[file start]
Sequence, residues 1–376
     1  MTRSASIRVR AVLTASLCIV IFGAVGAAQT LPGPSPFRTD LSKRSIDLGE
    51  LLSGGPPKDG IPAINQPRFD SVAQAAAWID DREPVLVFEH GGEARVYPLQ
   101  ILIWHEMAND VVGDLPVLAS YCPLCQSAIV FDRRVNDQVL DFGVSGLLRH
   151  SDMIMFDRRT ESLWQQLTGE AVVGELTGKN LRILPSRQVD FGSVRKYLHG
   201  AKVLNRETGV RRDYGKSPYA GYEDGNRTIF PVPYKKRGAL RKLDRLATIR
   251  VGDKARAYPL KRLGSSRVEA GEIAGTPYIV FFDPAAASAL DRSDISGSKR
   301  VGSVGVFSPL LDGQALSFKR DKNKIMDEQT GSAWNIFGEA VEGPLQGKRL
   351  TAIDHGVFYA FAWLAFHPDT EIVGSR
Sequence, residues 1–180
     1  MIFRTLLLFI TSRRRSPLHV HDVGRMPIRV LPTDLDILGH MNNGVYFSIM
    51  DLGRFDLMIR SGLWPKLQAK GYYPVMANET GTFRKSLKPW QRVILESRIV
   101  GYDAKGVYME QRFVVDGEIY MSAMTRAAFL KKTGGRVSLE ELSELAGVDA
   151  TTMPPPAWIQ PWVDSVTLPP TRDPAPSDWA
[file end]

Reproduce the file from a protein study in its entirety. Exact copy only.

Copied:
Sequence, residues 1–376
     1  MTRSASIRVR AVLTASLCIV IFGAVGAAQT LPGPSPFRTD LSKRSIDLGE
    51  LLSGGPPKDG IPAINQPRFD SVAQAAAWID DREPVLVFEH GGEARVYPLQ
   101  ILIWHEMAND VVGDLPVLAS YCPLCQSAIV FDRRVNDQVL DFGVSGLLRH
   151  SDMIMFDRRT ESLWQQLTGE AVVGELTGKN LRILPSRQVD FGSVRKYLHG
   201  AKVLNRETGV RRDYGKSPYA GYEDGNRTIF PVPYKKRGAL RKLDRLATIR
   251  VGDKARAYPL KRLGSSRVEA GEIAGTPYIV FFDPAAASAL DRSDISGSKR
   301  VGSVGVFSPL LDGQALSFKR DKNKIMDEQT GSAWNIFGEA VEGPLQGKRL
   351  TAIDHGVFYA FAWLAFHPDT EIVGSR
Sequence, residues 1–180
     1  MIFRTLLLFI TSRRRSPLHV HDVGRMPIRV LPTDLDILGH MNNGVYFSIM
    51  DLGRFDLMIR SGLWPKLQAK GYYPVMANET GTFRKSLKPW QRVILESRIV
   101  GYDAKGVYME QRFVVDGEIY MSAMTRAAFL KKTGGRVSLE ELSELAGVDA
   151  TTMPPPAWIQ PWVDSVTLPP TRDPAPSDWA